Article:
The best books about construction projects, literal and metaphysical

Elizabeth Kiem Author Of Orphan, Agent, Prima, Pawn
By Elizabeth Kiem

Who am I?

When I published Orphan, Agent, Prima, Pawn, in which Soviet-era psychological warfare plays a heavy role, I happily washed my hands of Russian intrigue and turned to more benign, pastoral inspirations – my life-long relationship with an idyllic cathedral town in Wiltshire, for example. Just days later, the world learned that a certain Ruslan Boshirov and Alexander Petrov shared my fondness for Salisbury’s “world-famous 123-metre spire,” the glories of which prompted their 72-hour visit from Moscow (and overlapped with the botched poisoning of a KGB defector living down the road). Since then, I find myself drawn to works that explore the interstices of morality, criminality, and great construction projects.


I wrote...

Orphan, Agent, Prima, Pawn

By Elizabeth Kiem,

Book cover of Orphan, Agent, Prima, Pawn

What is my book about?

The first and the last story of The Bolshoi Saga trilogy stars Svetlana Dukovskaya as the matriarch of a three-generation blood feud within the Bolshoi Ballet. Suggested by The New York Times for readers "enamoured with the Russia of literature and film,” The Bolshoi Saga blends Cold War intrigue, the Russian mob, family secrets, and backstage vendettas from both sides of the Iron Curtain. 

The books I picked & why

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The Spire

By William Golding,

Book cover of The Spire

Why this book?

Golding was living in Salisbury when he wrote The Lord of the Flies, and his day job as a teacher at a local boys' school left a clear imprint on his dystopic view of young men left to their own hierarchical devices. But the classroom also provided a very literal view of the inspiration for The Spire, a dense and disturbing parable in which rationality and physics crumble under evangelical mania and corporal lust. It is the story of Jocelin, Dean of a medieval cathedral, who, obsessed with a divine “vision in stone,” insists that the spire be raised to impossible heights. There is no happy ending in this cautionary tale of construction hubris, yet I return to it regularly in search of solace.

The Stone Book Quartet

By Alan Garner,

Book cover of The Stone Book Quartet

Why this book?

Like Golding, Garner is best known for his children’s books – tales that spring from the ancient mythology of his local Cheshire and wander into realms of high fantasy. But it is this slim novella, a collection of four stories binding as many generations of Garners (they have inhabited the region for centuries and they were, all of them - up until Alan, craftsmen, builders, laborers) that moves me to raptures. Beginning with a wide-eyed child’s discovery of cave drawings, the stories haul stone up above ground to lay out the longwalls of Garner’s mason progenitors and erect the spire of the local church, worn by Garner’s grandfather "like a dunce-cap.” The imagery and wordplay are stunning, binding dialect and landscape like a spell.


The Three-Arched Bridge

By Ismail Kadare, John Hodgson (translator),

Book cover of The Three-Arched Bridge

Why this book?

Another parable, another legend, another work of manual labour turned mystical. In this tale of a bridge-building gone wrong, Albanian novelist Ismail Kadare considers the harms and inevitabilities that come from spanning disparate cultures. This book features a human sacrifice at the altar of erection; it feels antique and yet timeless; it explores the boundaries of human endeavor. Notes the narrator, a silenced sceptic, “all great building works resemble crimes.” It is a recognisable concern from Kadare, an exile of Hoxha’s totalitarian regime.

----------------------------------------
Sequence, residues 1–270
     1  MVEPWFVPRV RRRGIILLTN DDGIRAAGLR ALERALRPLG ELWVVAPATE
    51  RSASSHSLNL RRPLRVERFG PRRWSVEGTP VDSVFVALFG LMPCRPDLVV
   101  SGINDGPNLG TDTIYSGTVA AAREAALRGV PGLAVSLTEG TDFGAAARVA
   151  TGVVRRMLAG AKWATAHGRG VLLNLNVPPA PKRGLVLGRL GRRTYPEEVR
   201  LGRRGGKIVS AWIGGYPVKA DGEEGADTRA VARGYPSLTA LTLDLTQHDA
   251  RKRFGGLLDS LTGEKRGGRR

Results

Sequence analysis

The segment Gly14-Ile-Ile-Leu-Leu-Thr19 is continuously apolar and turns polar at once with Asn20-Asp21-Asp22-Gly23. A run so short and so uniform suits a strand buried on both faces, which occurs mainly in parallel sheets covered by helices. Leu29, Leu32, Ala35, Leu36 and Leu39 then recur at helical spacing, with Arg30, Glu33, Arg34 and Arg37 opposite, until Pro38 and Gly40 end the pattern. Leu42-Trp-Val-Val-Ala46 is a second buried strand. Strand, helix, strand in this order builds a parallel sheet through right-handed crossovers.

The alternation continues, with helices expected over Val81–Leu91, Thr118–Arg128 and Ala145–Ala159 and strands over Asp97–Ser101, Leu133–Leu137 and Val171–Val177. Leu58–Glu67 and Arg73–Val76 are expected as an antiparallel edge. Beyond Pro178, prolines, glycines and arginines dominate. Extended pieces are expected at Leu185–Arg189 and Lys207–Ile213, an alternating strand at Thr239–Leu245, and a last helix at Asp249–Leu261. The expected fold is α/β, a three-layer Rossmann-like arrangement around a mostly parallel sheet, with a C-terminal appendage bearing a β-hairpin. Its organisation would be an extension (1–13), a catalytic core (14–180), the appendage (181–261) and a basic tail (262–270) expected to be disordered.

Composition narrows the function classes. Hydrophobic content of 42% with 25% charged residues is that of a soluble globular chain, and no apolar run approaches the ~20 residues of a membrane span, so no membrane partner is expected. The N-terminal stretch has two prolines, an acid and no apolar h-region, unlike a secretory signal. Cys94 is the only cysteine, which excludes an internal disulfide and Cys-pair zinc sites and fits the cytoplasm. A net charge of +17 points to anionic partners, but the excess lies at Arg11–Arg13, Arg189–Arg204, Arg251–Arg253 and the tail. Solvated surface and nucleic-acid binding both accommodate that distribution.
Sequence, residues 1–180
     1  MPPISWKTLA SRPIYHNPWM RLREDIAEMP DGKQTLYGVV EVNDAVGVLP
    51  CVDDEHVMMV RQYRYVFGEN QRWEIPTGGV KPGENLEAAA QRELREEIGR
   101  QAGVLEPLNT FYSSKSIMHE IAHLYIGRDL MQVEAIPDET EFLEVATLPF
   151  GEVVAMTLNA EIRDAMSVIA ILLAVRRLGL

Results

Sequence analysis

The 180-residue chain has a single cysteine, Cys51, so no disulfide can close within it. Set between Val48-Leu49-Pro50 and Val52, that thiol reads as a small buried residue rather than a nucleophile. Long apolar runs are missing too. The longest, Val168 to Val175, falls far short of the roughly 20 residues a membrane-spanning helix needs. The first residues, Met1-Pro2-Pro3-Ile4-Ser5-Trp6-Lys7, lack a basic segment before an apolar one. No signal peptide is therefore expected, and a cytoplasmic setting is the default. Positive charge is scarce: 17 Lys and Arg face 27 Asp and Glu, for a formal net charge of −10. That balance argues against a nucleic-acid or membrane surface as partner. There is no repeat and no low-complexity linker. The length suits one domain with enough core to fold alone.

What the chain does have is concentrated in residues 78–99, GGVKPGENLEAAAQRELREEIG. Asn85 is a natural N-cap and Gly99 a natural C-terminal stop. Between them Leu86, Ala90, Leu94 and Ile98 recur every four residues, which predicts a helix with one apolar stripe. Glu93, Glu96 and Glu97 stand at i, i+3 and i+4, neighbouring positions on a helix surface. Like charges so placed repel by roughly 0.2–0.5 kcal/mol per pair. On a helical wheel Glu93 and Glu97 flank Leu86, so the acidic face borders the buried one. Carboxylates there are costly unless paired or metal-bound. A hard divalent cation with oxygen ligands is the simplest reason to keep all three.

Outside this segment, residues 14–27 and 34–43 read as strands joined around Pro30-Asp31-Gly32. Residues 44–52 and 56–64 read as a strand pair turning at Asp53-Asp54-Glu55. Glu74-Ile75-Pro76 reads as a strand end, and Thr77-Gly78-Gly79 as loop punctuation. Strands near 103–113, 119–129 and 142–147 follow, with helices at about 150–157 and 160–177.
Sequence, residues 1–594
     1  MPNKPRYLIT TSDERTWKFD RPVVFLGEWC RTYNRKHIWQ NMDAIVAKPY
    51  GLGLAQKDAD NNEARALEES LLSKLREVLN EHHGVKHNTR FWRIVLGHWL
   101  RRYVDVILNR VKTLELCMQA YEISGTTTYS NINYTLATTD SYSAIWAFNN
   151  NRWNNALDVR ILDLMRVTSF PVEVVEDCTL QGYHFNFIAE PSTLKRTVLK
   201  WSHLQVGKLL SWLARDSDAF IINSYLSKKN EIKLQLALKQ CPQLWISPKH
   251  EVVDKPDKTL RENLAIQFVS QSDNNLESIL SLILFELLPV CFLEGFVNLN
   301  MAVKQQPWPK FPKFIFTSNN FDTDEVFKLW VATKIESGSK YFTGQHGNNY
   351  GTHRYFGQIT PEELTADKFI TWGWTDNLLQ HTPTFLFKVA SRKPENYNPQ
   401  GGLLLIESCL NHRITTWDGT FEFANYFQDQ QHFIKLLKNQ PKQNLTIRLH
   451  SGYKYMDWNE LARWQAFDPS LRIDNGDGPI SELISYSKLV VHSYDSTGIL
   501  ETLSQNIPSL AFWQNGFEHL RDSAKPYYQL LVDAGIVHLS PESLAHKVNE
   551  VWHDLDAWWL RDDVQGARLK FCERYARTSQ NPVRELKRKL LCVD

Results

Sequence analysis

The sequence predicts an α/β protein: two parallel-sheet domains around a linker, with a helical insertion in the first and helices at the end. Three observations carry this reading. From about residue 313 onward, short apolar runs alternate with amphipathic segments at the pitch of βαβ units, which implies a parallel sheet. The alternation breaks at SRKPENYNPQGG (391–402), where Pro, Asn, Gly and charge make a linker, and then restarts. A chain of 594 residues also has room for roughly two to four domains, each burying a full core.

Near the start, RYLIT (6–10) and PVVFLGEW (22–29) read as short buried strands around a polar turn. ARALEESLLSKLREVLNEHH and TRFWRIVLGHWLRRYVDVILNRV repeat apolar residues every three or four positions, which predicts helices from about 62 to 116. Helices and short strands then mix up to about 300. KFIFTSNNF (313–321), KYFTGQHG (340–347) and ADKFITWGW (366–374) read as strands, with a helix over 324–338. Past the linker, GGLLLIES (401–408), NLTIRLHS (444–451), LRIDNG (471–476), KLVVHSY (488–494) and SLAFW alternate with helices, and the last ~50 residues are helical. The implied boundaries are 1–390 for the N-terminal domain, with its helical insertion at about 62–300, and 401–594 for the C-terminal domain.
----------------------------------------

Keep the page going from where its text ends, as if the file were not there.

The Power Broker: Robert Moses and the Fall of New York

By Robert A. Caro,

Book cover of The Power Broker: Robert Moses and the Fall of New York

Why this book?

Before embarking on the Bolshoi as my historical fiction playground, I spent a summer writing a fairy tale about Coney Island - the 19th century Luna Park turned into a 20th-century honkey-tonk ghetto, courtesy of a totalitarian parks department commissioner. Robert Caro’s biography of Robert Moses is the definitive account of the man who made New York City modern, but it also cleaves to urban gothic. The Power Broker could be subtitled Frankenstein’s metropolis. It’s about what happens when we build what we can, and not what we should. 


The Bridge: The Building of the Verrazano-Narrows Bridge

By Gay Talese,

Book cover of The Bridge: The Building of the Verrazano-Narrows Bridge

Why this book?

Among Robert Moses’ many divisive projects, the Verazzano-Narrows Bridge hits three Power Broker criteria: superlative (longest suspension bridge in the world); tyrannical (an entire neighborhood evicted from their homes); and indelible (who can imagine New York without its soaring Brooklyn-Staten Island link?). A sidebar to Moses’ expansion from Triborough to all-borough authority is the role of a bridge in birthing a fresh literary genre. A mid-century stylist of creative nonfiction, Talese wanted to celebrate the men who risked life and limb to span the narrows. His brand of detached observation has aged awkwardly (the stance on women, for example, or on Indian ironworkers “incapable of enforcing discipline, only capable of handing dollar bills around”). But it is a canonical work of New Journalism, written one year before the legendary essay, “Frank Sinatra has a cold.”


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